When I was in high school, I was often asked what I wanted to study when I went to college. For a long time, I didn’t have an answer to that question. I knew I wanted to go to college, but I didn’t know where I should go, or what I would choose to study there. Then one morning, I was called to my school’s guidance office to take a test. (Fun fact: I don’t like tests.) But this one was different. This test was all about me, my interests, my skills, my ambitions. When I submitted the test, a list was generated based on my answers of the possible jobs and career paths I could pursue. Take a guess what career was number 1 on that list.
If you guessed music therapy, you would be correct! At the time I had no idea what music therapy was, if it would be the right fit for me, or if I would even be a good enough musician to pursue it as my career choice. I started doing some research on the field and ended up writing a major thesis paper on it during my junior year of high school. I spent summers volunteering at camps that served individuals with special needs, and that started to light my fire a bit. During my senior year, I applied to colleges that had music therapy programs affiliated with the AMTA (American Music Therapy Association) and was accepted to three of the schools. Ultimately, I completed my degree program at Elizabethtown College, a smaller school in Lancaster county, PA. Their music therapy program was demanding and rigorous, but successful in teaching me everything I would need to know in order to do my future job well.
The most important and inspiring part of my education, however, was my fieldwork. I started my practicum experience by observing music therapy sessions led by upperclassmen in the program. The next step was assisting in sessions, helping to pass out instruments and materials and be an extra set of hands where needed. From my third semester on, I was co-leading music therapy sessions with another student, and working with individual clients on my own. I was fortunate to work with clients across the age spectrum, and a wide variety of populations, including: autism, Down syndrome, MDs (multiple disabilities), PTSD (post-traumatic stress disorder), older adults with and without dementia, hematology/oncology patients, and post-surgical patients. It was during these practicum placements that I developed an understanding and love for each of the specific populations, each for the things that made them unique – the way certain clients played instruments, the way a client’s face lit up during a favorite song, the memories shared by older adults, the progress I got to witness across the semester as the clients grew in their goals. I loved the variety I experienced as a student and really felt like I wanted that to continue in my work as a professional one day.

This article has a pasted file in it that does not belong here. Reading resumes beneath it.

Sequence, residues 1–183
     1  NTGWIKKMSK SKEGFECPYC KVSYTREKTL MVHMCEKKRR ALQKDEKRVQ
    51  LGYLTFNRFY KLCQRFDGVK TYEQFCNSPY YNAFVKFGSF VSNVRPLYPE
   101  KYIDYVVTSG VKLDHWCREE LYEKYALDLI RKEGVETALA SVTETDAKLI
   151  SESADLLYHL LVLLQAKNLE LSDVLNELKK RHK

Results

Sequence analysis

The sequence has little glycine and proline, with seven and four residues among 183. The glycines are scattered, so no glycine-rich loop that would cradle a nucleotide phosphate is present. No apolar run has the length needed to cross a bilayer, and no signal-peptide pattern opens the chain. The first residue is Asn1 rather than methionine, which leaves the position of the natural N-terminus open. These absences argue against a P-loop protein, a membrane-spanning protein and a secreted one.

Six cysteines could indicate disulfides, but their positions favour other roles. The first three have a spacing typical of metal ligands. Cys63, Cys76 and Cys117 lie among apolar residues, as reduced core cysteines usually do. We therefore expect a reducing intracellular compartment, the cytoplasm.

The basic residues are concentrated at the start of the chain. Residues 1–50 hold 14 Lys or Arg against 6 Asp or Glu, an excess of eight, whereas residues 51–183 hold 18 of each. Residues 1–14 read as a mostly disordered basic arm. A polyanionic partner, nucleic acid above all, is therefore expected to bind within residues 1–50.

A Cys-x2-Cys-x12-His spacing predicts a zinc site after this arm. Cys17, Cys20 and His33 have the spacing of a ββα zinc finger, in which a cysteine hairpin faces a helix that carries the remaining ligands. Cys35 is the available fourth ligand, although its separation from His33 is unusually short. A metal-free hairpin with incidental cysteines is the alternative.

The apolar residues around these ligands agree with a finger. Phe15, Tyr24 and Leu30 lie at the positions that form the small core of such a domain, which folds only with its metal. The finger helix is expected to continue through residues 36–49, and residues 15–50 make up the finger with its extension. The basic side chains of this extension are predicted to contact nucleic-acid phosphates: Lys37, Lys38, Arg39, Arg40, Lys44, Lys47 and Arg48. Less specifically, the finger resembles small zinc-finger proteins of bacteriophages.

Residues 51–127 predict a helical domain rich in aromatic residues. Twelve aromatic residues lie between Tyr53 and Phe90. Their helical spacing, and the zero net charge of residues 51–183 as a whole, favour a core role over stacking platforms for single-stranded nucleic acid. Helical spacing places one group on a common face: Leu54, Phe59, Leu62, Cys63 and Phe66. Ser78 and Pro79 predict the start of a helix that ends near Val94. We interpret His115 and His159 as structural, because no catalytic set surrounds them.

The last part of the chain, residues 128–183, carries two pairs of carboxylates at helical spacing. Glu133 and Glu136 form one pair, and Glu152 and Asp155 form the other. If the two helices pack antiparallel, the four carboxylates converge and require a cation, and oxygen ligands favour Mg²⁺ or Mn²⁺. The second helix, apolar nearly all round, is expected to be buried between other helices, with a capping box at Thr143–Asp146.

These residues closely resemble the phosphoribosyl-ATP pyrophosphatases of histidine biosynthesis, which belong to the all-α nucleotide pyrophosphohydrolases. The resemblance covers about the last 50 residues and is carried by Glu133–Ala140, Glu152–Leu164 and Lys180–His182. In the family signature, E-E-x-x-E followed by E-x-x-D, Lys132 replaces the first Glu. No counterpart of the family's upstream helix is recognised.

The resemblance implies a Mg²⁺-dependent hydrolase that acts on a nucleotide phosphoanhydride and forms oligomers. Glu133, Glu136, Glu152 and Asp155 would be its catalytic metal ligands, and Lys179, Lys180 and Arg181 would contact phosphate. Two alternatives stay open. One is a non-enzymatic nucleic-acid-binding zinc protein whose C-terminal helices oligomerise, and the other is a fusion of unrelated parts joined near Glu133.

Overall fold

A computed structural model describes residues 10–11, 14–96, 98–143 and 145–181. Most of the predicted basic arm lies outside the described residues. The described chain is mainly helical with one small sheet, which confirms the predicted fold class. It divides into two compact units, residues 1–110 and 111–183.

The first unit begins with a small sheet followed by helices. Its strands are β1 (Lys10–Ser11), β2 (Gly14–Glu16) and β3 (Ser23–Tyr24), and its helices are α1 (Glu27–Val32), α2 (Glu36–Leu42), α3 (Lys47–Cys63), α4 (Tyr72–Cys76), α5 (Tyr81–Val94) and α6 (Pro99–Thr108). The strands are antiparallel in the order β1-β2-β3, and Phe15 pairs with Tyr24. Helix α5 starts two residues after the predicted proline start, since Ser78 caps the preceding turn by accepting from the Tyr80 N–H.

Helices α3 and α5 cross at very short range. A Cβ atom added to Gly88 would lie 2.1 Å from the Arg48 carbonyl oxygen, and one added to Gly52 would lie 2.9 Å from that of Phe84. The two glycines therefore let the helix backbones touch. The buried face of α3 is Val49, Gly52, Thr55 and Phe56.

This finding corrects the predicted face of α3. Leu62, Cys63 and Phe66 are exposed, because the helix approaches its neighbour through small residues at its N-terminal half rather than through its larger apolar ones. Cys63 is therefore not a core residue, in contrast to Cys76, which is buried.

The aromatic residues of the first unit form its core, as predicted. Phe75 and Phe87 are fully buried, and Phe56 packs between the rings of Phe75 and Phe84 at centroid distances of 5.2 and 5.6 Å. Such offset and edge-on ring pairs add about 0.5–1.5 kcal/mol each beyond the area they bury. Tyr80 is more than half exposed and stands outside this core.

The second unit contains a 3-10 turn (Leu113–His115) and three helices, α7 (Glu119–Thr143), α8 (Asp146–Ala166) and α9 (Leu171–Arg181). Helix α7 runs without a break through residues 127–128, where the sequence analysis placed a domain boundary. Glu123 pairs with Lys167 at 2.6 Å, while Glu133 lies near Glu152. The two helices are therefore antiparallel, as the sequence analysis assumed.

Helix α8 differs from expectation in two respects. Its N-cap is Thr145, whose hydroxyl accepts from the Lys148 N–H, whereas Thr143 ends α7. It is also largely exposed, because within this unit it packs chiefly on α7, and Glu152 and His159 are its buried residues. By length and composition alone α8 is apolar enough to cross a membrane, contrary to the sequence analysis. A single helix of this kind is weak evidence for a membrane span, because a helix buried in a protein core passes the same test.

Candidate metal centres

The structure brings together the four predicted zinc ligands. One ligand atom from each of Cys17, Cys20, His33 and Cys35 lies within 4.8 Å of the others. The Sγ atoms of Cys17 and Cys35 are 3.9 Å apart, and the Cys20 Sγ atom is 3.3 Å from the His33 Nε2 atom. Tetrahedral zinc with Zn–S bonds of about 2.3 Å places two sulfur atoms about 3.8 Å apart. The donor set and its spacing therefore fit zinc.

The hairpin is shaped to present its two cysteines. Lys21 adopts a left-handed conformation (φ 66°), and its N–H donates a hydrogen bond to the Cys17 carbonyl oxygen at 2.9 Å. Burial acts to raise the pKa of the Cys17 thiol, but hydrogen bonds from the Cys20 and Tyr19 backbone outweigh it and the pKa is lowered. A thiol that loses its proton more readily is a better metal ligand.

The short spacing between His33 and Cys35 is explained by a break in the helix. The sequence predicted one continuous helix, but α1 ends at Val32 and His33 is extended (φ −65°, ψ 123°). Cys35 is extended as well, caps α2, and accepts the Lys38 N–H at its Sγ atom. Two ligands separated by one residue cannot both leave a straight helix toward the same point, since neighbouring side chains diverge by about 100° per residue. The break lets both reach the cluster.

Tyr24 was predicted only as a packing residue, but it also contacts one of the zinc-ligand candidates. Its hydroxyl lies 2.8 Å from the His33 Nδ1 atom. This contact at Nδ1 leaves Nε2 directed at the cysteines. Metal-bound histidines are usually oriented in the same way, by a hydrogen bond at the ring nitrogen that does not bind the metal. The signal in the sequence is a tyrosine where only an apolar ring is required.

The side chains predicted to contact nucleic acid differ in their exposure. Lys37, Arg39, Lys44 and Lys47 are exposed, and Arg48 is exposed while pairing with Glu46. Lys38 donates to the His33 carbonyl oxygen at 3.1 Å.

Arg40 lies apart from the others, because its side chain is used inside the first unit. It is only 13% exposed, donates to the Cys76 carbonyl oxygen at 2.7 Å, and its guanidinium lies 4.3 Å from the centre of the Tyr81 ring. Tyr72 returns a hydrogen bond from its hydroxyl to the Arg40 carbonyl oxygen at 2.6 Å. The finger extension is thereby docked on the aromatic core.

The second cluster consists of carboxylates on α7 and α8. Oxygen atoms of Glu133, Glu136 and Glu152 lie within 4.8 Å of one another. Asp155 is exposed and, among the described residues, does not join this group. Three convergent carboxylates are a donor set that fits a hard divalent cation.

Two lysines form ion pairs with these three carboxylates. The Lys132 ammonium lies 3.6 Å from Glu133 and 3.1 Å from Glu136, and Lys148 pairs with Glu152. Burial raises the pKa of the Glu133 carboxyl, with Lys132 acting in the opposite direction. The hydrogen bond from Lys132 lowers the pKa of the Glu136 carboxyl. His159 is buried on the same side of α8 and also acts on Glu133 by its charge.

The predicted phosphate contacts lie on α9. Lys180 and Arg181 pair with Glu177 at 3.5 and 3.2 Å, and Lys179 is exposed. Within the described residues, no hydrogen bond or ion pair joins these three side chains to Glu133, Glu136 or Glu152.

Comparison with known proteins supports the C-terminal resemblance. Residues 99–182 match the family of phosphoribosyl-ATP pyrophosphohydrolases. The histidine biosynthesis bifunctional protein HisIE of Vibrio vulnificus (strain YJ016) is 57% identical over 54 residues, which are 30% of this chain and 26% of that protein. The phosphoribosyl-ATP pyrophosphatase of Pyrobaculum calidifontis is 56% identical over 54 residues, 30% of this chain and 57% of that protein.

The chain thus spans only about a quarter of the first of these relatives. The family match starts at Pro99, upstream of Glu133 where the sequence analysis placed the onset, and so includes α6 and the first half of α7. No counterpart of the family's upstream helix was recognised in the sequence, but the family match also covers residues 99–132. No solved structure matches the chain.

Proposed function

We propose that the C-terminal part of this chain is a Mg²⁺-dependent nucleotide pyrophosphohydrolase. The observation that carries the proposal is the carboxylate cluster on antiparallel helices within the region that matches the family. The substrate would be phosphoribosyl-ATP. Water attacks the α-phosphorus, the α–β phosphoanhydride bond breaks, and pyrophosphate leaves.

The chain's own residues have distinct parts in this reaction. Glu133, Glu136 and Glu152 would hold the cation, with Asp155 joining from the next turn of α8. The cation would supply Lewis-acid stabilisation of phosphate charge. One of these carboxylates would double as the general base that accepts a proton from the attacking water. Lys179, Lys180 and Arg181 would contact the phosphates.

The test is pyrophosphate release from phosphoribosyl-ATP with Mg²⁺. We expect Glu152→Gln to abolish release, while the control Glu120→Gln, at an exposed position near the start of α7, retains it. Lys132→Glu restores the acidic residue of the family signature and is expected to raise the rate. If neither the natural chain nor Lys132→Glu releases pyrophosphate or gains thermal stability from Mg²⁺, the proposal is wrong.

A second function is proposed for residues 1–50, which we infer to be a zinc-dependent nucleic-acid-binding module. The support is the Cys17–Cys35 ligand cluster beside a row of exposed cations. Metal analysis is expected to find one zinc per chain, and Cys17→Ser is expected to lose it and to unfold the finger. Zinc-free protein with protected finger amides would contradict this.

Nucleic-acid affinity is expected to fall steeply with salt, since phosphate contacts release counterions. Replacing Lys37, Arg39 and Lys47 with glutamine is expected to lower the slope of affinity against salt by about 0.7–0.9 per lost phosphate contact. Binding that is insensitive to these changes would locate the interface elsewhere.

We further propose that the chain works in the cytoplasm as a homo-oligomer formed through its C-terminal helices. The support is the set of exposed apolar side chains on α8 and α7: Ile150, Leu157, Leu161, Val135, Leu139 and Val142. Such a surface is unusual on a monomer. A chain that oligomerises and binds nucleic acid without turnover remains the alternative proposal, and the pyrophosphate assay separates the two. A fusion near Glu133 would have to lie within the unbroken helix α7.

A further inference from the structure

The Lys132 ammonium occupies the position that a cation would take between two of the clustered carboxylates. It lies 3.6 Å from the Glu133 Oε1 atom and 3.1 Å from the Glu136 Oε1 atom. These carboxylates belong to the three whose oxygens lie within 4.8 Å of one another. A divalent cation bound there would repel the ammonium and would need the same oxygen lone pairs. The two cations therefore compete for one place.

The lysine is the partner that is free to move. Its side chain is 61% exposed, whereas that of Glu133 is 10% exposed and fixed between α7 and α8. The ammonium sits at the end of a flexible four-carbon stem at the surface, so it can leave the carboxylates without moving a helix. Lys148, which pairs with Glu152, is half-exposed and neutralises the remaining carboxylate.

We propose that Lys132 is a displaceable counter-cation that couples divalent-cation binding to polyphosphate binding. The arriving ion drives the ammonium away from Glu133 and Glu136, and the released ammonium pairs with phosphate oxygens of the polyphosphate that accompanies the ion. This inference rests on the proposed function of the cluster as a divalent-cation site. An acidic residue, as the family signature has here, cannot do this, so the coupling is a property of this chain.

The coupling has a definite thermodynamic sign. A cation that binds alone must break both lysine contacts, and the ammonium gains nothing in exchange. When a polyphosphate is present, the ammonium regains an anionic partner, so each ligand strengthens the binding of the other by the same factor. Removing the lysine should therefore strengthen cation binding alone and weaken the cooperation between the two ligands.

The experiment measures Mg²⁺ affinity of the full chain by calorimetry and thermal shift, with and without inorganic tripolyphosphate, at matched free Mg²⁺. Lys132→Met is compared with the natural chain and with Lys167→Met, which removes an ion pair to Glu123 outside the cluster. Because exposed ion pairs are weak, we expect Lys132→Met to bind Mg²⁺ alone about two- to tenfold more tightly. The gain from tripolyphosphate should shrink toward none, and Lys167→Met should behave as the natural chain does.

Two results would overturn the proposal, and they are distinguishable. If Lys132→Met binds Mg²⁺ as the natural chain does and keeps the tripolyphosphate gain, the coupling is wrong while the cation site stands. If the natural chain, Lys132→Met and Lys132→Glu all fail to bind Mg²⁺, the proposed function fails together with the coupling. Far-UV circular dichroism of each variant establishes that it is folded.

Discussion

Knowing that there were endless possibilities in the field, I selected hospice & palliative care for my clinical internship following my academic coursework. This was a population we did not get to experience in undergrad, and I wanted to at least dip a toe in. The 6 months I spent providing music therapy services to hospice patients were life-changing. When I finished that internship, I really felt like I had been able to observe and learn to facilitate music therapy in a broad array of settings. I was so motivated to study efficiently so I could take my board certification exam as soon as possible.
If you remember, I mentioned earlier that I’m not a fan of tests. This particular test was a big one, and took months of studying and preparation. I took the music therapy board certification exam in July of 2018 and passed on the first try, which does not always happen. I was so proud and excited to finally be credentialed, and Valotta Studios scooped me up as a passionate, brand-new music therapist. Working with the leadership team at Valotta, we launched the music therapy program officially in October of 2018. To see this practice grow over the last 3 years has been one of the most rewarding experiences of my life. It is a thrill to be able to offer this service to the families in my community. Along with our individual clients, we now contract with an assisted living facility, as well as a school, providing music therapy in various forms both on-site and virtually. I was ecstatic to bring on Ms. Emily in February of this year; she has been a wonderful addition to the program, as she not only provides music therapy, but is also a music educator and teaches adaptive lessons to students with learning differences and special needs.
Looking back on how everything began to write this post made me teary-eyed as I remembered how excited I was to enter school and study to become a music therapist. Little did I know I would help to create a program right in the community where I grew up. I feel so fortunate and can’t wait to see all the incredible ways Valotta Music Therapy will continue to grow!